Once a month I travel to York, to work with my client, JRF, helping build its profile and get out there more. So, for a couple of hours on the motorway I get to tune in to the radio and you can’t go wrong with Radio 4’s Desert Island Discs, can you?
This time it was the author and winner of the 2015 Man Booker Prize, Marlon James. My ears pricked up when he said he didn’t have self-belief, because he sounds so self-assured and confident.
Apparently, before being published, he destroyed every copy he had of the manuscript of his first book, A Brief History of Seven Killings. Imagine deleting all that work, a whole book? He must have really not believed in himself!
It then took a creative writing classmate to not only tell him he was utterly wrong, but to search out an old email, with the manuscript document attached, in order to submit it to publishers.
As I see it, the lesson here is to let people know when you’re not sure of what you’re doing. Say it, if self-belief deludes you. Articulate those thoughts.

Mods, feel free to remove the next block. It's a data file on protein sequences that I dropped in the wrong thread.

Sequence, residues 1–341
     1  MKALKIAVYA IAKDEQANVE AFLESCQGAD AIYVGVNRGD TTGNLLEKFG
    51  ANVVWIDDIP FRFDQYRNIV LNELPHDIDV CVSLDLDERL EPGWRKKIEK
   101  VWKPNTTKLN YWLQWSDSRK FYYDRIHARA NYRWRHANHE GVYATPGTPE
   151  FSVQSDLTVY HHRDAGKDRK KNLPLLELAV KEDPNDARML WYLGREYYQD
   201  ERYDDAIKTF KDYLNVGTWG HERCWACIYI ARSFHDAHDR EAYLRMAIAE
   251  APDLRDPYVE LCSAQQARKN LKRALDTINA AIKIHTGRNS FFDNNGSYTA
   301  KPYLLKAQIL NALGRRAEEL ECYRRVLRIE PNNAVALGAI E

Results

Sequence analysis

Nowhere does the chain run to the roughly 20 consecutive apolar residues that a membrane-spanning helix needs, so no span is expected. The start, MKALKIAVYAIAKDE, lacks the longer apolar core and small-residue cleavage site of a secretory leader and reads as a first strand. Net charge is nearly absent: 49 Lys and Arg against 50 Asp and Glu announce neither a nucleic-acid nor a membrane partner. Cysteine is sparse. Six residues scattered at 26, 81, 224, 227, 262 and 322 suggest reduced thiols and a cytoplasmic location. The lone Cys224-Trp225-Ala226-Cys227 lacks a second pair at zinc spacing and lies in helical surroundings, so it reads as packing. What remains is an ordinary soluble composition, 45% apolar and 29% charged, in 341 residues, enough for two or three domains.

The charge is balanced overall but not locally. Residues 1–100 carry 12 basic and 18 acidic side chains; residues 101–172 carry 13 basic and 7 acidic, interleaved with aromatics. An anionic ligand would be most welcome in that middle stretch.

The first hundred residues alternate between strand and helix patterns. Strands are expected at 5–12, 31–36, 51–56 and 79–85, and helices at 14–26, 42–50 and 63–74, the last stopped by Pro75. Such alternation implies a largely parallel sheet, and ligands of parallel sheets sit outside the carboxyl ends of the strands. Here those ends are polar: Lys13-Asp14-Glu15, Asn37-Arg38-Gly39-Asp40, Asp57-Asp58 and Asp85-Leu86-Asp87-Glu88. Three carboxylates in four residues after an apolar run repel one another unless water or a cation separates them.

Be vulnerable enough to allow them to support you, help you, push you, tell you to get a grip, dig out old emails – whatever you need. But don’t hide your uncertainty.
It takes strength to be vulnerable.
Marlon James is a delight to listen to, and wonderfully human in his self-contradictory comments. On the one hand, he lacks self-confidence and deleted his work, but on the other (and maybe this is the beauty of 20:20 hindsight) he knows he is a good writer, despite many rejections. He told the interviewer, Lauren Laverne:
“Even when everyone thinks they are right, the majority can be wrong”.
Enjoy it here: https://www.bbc.co.uk/programmes/m0003cqx